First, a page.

The byproduct of the cloture rule changes in 1917 and 1974 is you need to invoke cloture to proceed to a bill. Senators don't have to speak to vote against cloture. If you can't get 60, you can't move it to the floor. On the motion to proceed, if a Republican chose to get up they can speak about any topic they want, or they can sit down and begin an endless series of quorum calls. Or they can begin motions to proceed on their own set of bills.
Basically there is no way to force a Senator to speak or vote on any particular bill and if you can't get 60 you can't proceed to final passage.
No. This did not become a staple of the legislative process until 2006, when the Republicans adopted a policy of obstructionism. In abnormally combative years before the Democratic takeover, there would 50 cloture votes over the life of the congress; in the 2006-7 congress, there were well over 100, which ground the Senate to a near halt.
And now, with the largest majority any party has seen in decades, the Senate is still stopped dead in its tracks.
This cannot continue. If the Majority Leader does nothing, it will become normal for the Senate to require 60 votes to pass anything, and will permanently write gridlock into the rules of the government. It will become normal for our increasingly ideologically homogeneous parties to derail each other's entire agendas with this one rule change unless they achieve a senatorial supermajority, which we haven't seen since the Carter Administration (and the Republicans haven't seen in a hundred years).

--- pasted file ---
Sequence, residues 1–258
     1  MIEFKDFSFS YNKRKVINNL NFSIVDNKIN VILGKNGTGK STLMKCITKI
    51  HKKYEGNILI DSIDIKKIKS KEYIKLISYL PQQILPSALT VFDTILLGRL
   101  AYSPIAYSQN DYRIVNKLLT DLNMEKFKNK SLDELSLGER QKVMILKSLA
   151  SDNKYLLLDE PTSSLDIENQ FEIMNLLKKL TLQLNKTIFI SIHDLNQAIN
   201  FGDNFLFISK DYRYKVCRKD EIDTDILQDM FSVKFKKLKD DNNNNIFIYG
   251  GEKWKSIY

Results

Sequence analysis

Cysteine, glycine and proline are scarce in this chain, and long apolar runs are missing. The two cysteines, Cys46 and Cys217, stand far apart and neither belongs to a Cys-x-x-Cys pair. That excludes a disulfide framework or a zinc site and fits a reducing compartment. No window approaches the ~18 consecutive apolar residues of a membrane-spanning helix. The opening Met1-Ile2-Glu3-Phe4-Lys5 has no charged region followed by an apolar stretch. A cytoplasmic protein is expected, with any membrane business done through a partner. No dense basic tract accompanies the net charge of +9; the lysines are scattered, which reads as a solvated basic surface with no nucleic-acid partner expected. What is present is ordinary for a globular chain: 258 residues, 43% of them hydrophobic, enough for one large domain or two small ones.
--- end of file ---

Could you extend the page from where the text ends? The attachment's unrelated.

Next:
First of all, I think people will notice, and the papers will cover it, if a Republican has brought the Senate to a standstill and is sitting alone in the chamber calling quorums all day and night. It's not like CNN is going to keep the cameras on an actual speechifying filibuster except at certain brief moments, so what difference does it make if they're speaking or not?
Second, this rule has got to be changed. Filibusters are supposed to entail risk for the acting party in the form of the citizenry seeing them hog the stage and stop the government rather than allow the Senate to vote on bill X. Without that, there is no disincentive for the minority party to filibuster everything that comes across their desks, and suddenly you have an absurd 3/5 majority requirement for virtually every vote, no matter how mundane, if it offers even the slightest benefit to any party. I'm not saying the filibuster should be abolished, but some equalizing factor, some disincentive, has to be reintroduced (like, gosh I dunno, making them speak!). This is insane.